How to Future-Proof Your Web Journalism Career

What is the future of journalism and how does a web writer stay relevant and up to date in the ever-changing digital world? Will we all soon be replaced by robots and automation?

Here are some of the key predictions and trends you need to be aware of, as well as tips on how to survive in the changing digital landscape.

 

Be prepared for the rise of virtual reality

As publishers seek to find more gripping content, virtual reality is predicted to become “the next internet” by Reuters Institute in their Journalism, Media, and Technology Trends and Predictions 2017.

According to New York Times Editor Jake Silverstein VR “is capable of triggering a sense of connection between you as a viewer and the people or the events that are in the film, because you feel as if you’re present.”

Reuters believe that in 2017 the larger platforms are going to incentivise the set up of more VR journalism studios to help stimulate this developing market. As a web journalist it’s time to embrace VR and consider how it could be of value in telling your story.

 

Learn to work with pop-up newspapers and magazines

Reuters also predict that the current climate of social and political turmoil, as well as new technology, will mean an increase in pop-up publications such as The New European (launched after the UK Brexit vote).

Web journalists will need to keep up with emerging publications such as this, be more flexible, efficient and be on the lookout for new opportunities.

 

Use technology creatively

It’s now more important than ever for writers to be up to date with current technology. The Guardian Newspaper advises that “although the story itself will still be the backbone of journalism” writers should make use of new technology to engage readers creatively, for example with animated news stories.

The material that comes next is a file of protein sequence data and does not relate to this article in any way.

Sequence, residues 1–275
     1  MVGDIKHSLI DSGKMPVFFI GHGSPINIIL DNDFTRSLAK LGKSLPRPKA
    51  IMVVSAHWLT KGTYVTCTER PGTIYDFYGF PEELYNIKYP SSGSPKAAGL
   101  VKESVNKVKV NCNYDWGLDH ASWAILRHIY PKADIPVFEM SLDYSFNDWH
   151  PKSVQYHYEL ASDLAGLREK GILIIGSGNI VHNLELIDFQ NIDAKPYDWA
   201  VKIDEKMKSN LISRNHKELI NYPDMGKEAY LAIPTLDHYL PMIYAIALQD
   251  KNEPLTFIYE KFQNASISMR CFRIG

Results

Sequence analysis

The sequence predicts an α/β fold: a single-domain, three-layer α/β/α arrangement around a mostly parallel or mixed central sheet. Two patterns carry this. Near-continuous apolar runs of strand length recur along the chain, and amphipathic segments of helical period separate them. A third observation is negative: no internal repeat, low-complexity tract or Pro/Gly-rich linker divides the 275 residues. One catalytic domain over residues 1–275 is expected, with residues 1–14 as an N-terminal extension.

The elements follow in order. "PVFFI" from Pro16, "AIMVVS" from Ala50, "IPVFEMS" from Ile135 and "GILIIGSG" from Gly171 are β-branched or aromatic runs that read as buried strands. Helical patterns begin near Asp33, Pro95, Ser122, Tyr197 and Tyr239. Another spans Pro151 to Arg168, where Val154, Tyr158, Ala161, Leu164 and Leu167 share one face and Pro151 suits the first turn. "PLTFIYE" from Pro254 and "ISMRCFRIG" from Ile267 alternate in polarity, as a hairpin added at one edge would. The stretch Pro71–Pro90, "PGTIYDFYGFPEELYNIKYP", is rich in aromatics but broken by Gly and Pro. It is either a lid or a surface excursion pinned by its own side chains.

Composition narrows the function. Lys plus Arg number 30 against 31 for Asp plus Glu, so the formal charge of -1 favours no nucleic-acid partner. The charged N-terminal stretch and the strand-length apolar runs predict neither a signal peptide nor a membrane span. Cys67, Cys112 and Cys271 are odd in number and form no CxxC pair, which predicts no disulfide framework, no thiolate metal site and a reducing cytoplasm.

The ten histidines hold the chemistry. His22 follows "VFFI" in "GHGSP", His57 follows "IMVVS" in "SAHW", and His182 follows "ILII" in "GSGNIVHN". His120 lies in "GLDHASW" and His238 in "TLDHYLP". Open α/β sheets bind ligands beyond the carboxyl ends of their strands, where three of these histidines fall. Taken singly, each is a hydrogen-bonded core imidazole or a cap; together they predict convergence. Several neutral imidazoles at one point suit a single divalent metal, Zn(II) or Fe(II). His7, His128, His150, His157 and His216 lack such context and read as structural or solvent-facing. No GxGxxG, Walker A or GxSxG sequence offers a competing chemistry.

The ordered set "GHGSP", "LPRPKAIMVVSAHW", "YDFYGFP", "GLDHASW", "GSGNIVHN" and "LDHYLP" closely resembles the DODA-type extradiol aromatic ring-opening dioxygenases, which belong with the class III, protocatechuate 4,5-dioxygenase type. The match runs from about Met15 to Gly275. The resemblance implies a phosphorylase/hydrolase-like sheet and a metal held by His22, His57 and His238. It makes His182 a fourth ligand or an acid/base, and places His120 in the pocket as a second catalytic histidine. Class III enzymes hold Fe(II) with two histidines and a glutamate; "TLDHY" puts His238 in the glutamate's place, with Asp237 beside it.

We may have once thought that technology and the internet would kill journalism, but instead as Brian O’Kelley, CEO of AppNexus writes in his blog:  “The rise of new digital-only outlets like Buzzfeed, Vox and Mashable suggests that the Internet may be a creator rather than a destroyer of journalism.”

 

“The rise of new digital-only outlets like Buzzfeed, Vox and Mashable suggests that the Internet may be a creator rather than a destroyer of journalism.”

 

 

Can Robots make the job easier?

Those of us who grew up in an era of sci-fi movies with computers taking over the world, may feel a chill on reading this – but it’s true that fact-checking, article-writing robots are here.

According to Reuters:

  • Companies like Full Fact are already developing a digitally based service that can fact-check a live press conference.
  • Automated stories are predicted to become more common with news agencies using them to increase the speed and number of stories they can produce. Basic financial and sports stores are already being written by computer automation seconds after the results come out.

A successful web journalist in the future will need to work with technology rather than fear it, and know their own strengths so they can focus on areas where they can outperform computers.

The world continues to change at a faster rate than ever. But part of a web journalist’s job is to read, research and interpret information – this skill can be used to keep on top of the latest emerging trends and changes.

 

So what is the future of journalism?

Rebecca Sian Wyde says it well in her article for The Guardian: “Technological advances are currently allowing an unprecedented surge of creativity in the industry, where journalists are finding ever more diverse and fascinating ways to tell their stories.”

Stay creative, embrace change, and tell your story.

 

In a Reuters survey of 143 Editors, CEOs and Digital Leaders:

  • 70% advise that worries over the distribution of fake/inaccurate news in social networks will strengthen their position.
  • 46% say they are more worried about the role of platforms than last year.
  • 33% of respondents from a newspaper background are more worried about their company’s financial sustainability than last year. Just 8% are less worried.

Source: Reuters Institute for the Study of Journalism

 

 

About the Author

Jeanine Rowell began her career working in the marketing departments of large multinational corporations. However, a love of writing drew her out of the corporate environment to explore her more creative side. When she isn’t writing, you will find her spending time with her two young daughters, hiking, cycling and enjoying New Zealand’s natural wonders.

Jeanine is a recent graduate of the Magazine Journalism Course at NZ Writers College.

 

Photo Credit: Pexels.com

 

 

 

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